The previous implementation of the marching squares [Link] generates a lot of vertices because each segment line is defined by its own starting and ending points however all these line segments are interconnected - forming a polyline - and this is not taken into account in the implementation. Here is a new version to reduce the number of vertices.

#### 1. Remove doubles

Fig.1: Test 5x5 image. |

Note: To use this image, go to Image > Adjust > Size..., set the width and height to 5 and choose a Bilinear interpolation mode.

If we calculate the isocontoured line of the test image of Fig. 1 using the basic implementation [Link] at a threshold value of 220 and a square size of 1, 20 vertices are generated as shown below but 10 are duplicates.

v 2 0.7083333333333334 0 #1

v 1.7426470588235294 1 0 #2

v 2.2573529411764706 1 0 #3

v 2 0.7083333333333334 0 #4 same as #1

v 1 1.7426470588235294 0 #5

v 0.7426470588235294 2 0 #6

v 1.7426470588235294 1 0 #7 same as #2

v 1 1.7426470588235294 0 #8 same as #5

v 2.2573529411764706 1 0 #9 same as #3

v 2.673076923076923 2 0 #10

v 0.7426470588235294 2 0 #11 same as #6

v 1 2.2023121387283235 0 #12

v 1.7976878612716762 3 0 #13

v 1 2.2023121387283235 0 #14 same as #12

v 2.6730769230769234 2 0 #15 same as #10

v 2.2 3 0 #16

v 1.7976878612716765 3 0 #17 same as #13

v 2 3.2 0 #18

v 2.2 3 0 #19 same as #16

v 2 3.2 0 #20 same as #18

Because of the interconnected nature of the isocontoured lines, a vertex in edge e1 is also shared in the edge e3 of the next marching square and similarly between edge e2 and e0 of the square below as shown in Fig. 2.

Fig.2: Duplicated vertices created from adjacent marching squares. The black and white colors correspond to outside and inside pixels, respectively. |

In the Marching Squares, the image is scanned from left to right and top to bottom. Thus, the vertex of edge e3 was already calculated in the edge e1 of the previous marching square and similarly for edge e0 and edge e2 of the square above. To find the previous vertices, we have to store one row of marching squares to retrieve the already calculated vertices along the common edges.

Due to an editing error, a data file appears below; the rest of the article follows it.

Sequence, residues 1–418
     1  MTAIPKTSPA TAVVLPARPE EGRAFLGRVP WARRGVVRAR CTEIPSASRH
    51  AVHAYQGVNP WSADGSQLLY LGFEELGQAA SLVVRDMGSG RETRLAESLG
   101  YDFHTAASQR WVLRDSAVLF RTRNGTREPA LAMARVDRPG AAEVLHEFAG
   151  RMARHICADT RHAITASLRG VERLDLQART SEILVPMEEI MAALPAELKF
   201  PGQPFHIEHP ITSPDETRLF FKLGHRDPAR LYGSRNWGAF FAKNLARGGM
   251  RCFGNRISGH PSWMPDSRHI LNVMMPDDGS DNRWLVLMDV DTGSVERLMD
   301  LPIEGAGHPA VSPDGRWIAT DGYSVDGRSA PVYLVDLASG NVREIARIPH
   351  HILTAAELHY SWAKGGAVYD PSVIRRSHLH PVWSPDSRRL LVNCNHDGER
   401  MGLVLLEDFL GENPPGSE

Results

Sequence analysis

In the example of Fig. 3, the marching square #5 has a segment line between e0 and e3. The vertex of e0 was already calculated from the marching square #2 (point D) and those of e3 comes from the previous marching square #4 (point F).

Now, if we run the new script, we get the following OBJ file only containing 10 vertices ...

v 2 0.7083333333333334 0

v 1.7426470588235294 1 0

v 2.2573529411764706 1 0

v 1 1.7426470588235294 0

v 0.7426470588235294 2 0

v 2.673076923076923 2 0

v 1 2.2023121387283235 0

v 1.7976878612716762 3 0

v 2.2 3 0

v 2 3.2 0

f 1 2

f 3 1

f 4 5

f 2 4

f 3 6

f 5 7

f 8 7

f 6 9

f 8 10

f 9 10

What about the code ? I modified the code to add some Object-Oriented Programming (OOP) techniques and that's the subject of the next post.

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